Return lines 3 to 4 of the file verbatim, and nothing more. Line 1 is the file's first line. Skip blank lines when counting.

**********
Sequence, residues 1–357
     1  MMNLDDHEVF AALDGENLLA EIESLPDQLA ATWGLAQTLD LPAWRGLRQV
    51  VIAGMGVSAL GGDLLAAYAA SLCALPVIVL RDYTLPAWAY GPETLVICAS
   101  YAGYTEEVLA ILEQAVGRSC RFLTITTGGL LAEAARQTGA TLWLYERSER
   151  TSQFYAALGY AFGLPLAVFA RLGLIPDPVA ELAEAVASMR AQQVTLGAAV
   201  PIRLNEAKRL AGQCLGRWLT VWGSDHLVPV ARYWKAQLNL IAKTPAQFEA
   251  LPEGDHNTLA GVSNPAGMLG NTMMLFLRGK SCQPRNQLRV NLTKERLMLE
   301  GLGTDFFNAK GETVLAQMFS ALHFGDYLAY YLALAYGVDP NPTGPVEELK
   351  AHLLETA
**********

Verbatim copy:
    51  VIAGMGVSAL GGDLLAAYAA SLCALPVIVL RDYTLPAWAY GPETLVICAS
   101  YAGYTEEVLA ILEQAVGRSC RFLTITTGGL LAEAARQTGA TLWLYERSER